What are the Benefits of a Green Card?
A green card allows a non-U.S. citizen to gain permanent residence in the United States. Many people from outside the United States want a green card ...
This article summarizes the benefits of a green card and the responsibilities of being a lawful permanent resident.
You may already know that there are plenty of benefits of having a green card, and the most obvious of them is that it allows you to live permanently in the US. However, it is crucial to know what a green card actually offers and what it doesn't. Moreover, if you are planning to immigrate to the United States, a green card otherwise known as a US Permanent Resident Card is among the most crucial pieces of immigration documentation you can have.
For many immigrants, reaching the point of gaining permanent residence in their newly adopted country is a key milestone. As the step before the ultimate goal of citizenship, holding permanent residence removes a great deal of uncertainty regarding the future and your safety and security.
A green card allows a person to live and work in the US and start the process to become a naturalized US citizen. A green card holder becomes a permanent resident of the United States. And is entitled to many of the same benefits as a citizen, although not all.
Furthermore, over a million people in the United States live in LPR (lawful permanent resident status). There are different ways immigrants become permanent residents. They include marriage, close family members, employment, and others. However, permanent resident status is usually given to three categories of immigrants. They include those people who already have a green card and are issued a new one, relatives of US citizens or permanent residents, and workers in the US on employment visas.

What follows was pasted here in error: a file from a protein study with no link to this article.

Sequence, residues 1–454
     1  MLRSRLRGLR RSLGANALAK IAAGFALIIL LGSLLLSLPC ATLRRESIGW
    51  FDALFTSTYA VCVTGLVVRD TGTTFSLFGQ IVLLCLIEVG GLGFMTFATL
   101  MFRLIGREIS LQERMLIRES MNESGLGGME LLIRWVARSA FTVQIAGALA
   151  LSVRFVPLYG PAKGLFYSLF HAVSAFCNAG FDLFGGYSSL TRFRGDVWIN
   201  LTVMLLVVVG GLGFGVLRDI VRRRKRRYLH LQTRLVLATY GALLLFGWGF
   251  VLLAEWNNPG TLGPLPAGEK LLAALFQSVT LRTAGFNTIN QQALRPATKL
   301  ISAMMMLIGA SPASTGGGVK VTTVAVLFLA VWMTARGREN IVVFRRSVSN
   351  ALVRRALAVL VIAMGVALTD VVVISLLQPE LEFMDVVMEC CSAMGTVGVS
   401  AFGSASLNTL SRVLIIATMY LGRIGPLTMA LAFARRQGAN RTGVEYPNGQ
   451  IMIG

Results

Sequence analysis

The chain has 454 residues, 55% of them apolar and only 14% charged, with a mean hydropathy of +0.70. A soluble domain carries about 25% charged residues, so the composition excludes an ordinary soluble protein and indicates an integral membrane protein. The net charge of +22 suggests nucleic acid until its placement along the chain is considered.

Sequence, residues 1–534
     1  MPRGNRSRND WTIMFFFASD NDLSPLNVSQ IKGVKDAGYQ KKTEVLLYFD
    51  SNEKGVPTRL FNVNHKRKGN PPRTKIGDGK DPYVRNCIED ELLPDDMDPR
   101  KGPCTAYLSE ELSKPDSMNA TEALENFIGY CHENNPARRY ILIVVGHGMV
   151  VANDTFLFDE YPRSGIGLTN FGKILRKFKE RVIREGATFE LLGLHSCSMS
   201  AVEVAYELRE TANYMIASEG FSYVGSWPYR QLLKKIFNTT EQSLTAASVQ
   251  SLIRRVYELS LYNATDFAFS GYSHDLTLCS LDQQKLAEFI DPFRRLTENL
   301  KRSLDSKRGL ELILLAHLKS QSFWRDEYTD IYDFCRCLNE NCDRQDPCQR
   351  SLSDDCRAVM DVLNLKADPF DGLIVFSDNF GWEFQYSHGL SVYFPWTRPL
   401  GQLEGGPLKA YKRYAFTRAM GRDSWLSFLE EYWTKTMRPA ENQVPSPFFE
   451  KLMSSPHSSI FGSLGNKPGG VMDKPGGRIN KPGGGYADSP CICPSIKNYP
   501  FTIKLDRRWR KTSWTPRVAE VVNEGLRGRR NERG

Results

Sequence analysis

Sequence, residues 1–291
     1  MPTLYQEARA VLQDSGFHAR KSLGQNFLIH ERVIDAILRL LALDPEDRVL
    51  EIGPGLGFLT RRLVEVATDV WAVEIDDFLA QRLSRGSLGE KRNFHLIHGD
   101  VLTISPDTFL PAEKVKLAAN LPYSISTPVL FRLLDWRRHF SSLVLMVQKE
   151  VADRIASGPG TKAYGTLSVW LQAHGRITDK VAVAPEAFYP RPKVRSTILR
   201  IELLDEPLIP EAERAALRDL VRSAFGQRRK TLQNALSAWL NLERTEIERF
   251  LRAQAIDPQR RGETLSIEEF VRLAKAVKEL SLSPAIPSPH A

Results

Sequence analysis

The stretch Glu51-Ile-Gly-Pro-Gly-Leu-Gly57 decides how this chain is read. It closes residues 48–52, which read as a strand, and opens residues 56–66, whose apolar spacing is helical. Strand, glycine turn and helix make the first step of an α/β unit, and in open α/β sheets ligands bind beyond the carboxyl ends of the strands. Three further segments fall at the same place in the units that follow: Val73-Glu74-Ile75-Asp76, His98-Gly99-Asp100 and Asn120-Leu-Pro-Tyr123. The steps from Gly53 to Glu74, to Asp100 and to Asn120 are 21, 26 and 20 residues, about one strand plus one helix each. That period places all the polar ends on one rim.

Keep on reading to learn more. This article explains the benefits of green cards, as well as the responsibilities of having a green card.
What are the Benefits of Having a Green Card?
The main benefit of having a green card is that it allows the holder to permanently live and work in the United States, and the final step before the ultimate goal of citizenship. But having a green card provides many advantages. Below are the primary benefits of a green card:
- You can eventually apply for United States citizenship. You will be eligible for naturalization after three years if you are married to a US citizen, or five years if not. Otherwise, you can apply after five years.
- The United States government cannot deport you to your home country. Green card holders maintain status as permanent residents and regardless of future changes made to US immigration laws will never face deportation. Moreover, green cards are not temporary and cannot be revoked with potential changes to immigration laws. However, you can lose your residency if you commit a crime or violate a law.
- You don't have to renounce the citizenship of your country of origin.
- You are legally protected by the laws of the United States, your state of residence, and your local jurisdiction. People with permanent resident status have the same legal rights as US citizens.
- Moreover, you can sponsor other family members who want to file a green card application. Family members of permanent residents are given priority, but not as great a priority as family members of US citizens. Family members eligible for sponsorship include your spouse, parents, siblings, and children. The spouses and children of those relatives are also eligible.
Benefits of a Green Card
- As a lawful permanent resident (LPR), you can renew your green card every ten years.
- Permanent residents can travel abroad and re-enter the United States with a valid green card, as long as they return within 12 months.